You see Kāne‘ohe Bay in the distance, as you drive from Honolulu and emerge from the Likelike Highway tunnels on O‘ahu’s windward side.
The bay may seem tranquil and healthy. But beneath its surface algae, sediment from runoff and other pollutants are a threat to the bay’s coral reefs and fish population.
If you’ve got some time to spare—whether you're on vacation, or have a free Saturday—you could help a grassroots effort to curb future damage to the bay.
A partnership between the nearby community of He‘eia—specifically the Ko‘olaupoko Hawaiian Civic Club and the nonprofit Kāko‘o ‘o ‘Oiwi—and the Nature Conservancy’s Hawai‘i Chapter has launched a project to help restore the He‘eia Wetlands near the bay into naturally productive kalo (taro) fields and other agricultural production for economic sustainability, educational, biological resiliency and cultural purposes.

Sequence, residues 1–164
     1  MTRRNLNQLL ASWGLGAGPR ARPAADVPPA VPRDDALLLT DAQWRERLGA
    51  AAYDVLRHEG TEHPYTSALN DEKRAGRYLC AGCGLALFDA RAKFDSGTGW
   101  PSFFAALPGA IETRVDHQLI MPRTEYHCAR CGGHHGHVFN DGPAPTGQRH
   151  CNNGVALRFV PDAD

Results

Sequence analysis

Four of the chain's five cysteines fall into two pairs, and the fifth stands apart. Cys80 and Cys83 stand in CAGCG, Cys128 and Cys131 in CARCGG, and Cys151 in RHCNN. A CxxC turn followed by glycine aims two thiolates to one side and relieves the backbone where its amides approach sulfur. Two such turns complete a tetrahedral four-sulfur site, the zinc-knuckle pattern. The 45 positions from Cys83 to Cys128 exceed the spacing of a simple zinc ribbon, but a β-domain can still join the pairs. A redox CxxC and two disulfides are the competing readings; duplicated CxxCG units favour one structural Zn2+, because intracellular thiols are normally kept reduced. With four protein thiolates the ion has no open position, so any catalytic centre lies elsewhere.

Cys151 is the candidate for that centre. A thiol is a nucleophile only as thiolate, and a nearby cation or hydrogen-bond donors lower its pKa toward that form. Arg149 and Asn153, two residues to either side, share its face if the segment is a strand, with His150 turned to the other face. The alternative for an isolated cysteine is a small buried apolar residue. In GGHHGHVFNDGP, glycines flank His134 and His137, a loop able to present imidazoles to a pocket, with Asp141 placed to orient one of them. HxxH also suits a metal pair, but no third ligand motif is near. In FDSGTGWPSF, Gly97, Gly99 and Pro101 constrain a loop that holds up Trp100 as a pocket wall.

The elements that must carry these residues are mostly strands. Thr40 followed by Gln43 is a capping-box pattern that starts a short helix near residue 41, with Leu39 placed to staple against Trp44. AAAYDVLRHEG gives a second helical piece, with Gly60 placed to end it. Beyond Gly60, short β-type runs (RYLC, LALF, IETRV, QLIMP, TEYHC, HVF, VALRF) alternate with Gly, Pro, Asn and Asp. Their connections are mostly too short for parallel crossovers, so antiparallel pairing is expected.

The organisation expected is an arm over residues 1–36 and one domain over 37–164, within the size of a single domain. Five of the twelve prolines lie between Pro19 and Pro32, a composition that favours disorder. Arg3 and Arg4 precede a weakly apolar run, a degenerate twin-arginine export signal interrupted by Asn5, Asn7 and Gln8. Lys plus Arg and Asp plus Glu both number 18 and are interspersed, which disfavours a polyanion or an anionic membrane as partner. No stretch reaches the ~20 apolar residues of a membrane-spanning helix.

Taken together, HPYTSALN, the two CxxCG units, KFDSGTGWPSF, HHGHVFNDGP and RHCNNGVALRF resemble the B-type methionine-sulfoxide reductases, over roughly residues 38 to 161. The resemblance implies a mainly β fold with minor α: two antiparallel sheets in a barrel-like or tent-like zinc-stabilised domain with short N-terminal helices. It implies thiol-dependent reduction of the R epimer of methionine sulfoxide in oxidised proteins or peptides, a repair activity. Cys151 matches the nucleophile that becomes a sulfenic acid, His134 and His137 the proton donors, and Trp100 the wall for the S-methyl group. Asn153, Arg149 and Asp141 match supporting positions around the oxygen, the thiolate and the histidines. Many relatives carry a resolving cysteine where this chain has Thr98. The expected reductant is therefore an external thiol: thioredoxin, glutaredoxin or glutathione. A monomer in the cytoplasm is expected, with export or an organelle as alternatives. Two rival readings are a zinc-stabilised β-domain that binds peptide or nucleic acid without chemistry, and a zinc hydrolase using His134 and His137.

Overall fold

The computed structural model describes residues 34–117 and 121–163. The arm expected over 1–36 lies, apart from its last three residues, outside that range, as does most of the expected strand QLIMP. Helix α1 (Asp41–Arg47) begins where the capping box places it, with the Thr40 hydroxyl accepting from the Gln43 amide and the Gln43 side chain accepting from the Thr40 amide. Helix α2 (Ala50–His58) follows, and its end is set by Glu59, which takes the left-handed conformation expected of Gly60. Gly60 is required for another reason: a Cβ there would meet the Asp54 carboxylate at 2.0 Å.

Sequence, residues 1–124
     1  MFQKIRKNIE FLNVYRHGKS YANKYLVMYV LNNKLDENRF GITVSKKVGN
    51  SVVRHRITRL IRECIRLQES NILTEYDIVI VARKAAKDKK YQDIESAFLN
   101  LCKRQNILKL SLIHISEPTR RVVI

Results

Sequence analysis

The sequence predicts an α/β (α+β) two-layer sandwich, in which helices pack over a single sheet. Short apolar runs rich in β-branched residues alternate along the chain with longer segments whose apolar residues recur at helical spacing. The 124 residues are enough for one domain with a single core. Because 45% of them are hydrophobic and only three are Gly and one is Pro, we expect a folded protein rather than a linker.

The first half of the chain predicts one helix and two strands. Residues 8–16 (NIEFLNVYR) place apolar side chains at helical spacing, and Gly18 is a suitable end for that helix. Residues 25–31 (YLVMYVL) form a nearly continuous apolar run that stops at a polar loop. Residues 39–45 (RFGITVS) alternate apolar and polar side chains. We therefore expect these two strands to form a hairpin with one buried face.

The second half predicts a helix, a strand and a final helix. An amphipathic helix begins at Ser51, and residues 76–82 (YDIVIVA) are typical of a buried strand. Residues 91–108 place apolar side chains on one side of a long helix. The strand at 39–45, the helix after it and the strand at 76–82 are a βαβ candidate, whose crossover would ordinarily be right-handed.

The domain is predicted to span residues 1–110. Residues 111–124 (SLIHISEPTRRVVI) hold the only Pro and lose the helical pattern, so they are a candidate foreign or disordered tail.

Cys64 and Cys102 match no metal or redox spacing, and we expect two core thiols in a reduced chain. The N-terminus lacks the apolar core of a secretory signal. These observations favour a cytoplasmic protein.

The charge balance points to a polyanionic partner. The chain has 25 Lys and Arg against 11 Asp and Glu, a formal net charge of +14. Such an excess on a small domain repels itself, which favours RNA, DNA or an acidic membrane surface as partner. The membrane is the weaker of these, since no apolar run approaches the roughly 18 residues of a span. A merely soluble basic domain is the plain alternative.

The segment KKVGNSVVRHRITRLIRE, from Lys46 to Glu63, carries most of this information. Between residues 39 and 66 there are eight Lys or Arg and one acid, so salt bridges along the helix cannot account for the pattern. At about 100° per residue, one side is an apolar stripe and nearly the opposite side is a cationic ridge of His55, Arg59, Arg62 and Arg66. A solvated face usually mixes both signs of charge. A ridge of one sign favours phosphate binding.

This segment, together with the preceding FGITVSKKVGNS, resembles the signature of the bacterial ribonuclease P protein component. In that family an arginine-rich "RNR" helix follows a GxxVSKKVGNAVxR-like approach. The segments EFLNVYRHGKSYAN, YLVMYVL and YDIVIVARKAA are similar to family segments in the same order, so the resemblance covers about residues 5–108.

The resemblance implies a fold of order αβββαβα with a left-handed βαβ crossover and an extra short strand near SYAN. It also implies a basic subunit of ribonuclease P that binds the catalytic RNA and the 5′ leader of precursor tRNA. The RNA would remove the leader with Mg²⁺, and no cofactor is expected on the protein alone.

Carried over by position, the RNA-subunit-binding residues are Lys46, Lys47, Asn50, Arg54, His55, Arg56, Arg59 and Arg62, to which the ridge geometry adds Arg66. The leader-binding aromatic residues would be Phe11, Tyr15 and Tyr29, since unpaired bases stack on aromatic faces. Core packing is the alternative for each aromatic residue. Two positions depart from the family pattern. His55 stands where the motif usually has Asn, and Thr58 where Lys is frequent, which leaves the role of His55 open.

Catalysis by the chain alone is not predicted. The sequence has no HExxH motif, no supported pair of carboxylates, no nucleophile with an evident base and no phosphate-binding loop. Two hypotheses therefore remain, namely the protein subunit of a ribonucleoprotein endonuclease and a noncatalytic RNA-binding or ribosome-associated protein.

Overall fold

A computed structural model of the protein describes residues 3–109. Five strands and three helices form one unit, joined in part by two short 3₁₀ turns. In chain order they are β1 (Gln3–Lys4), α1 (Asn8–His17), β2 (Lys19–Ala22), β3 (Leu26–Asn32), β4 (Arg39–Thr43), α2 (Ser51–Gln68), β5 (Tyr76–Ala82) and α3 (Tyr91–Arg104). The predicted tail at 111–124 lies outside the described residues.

The goal is to manage He‘eia as an ahupua‘a—a land division from the mountains to the sea—and care for it as a whole. What happens on land naturally affects the nearby ocean. So managing the amount of sediment that enters Kāne‘ohe Bay is a step in protecting the region’s unique marine environment, which is home to green sea turtles, manta rays, hammerhead sharks and other native reef species.
The project, called Māhuahua ‘Ai o Ho‘i, is aimed at replanting the upland forest with native plants and replacing swamp with taro fields. A small lo‘i (irrigated taro terrace) has already been established in the area.
The project relies mainly on volunteers, who help in the lo‘i every second Saturday of the month. Work begins at 8 a.m. and ends at noon.
Photos: Māhuahua ‘Ai o Ho‘i/Kāko‘o ‘o ‘Oiwi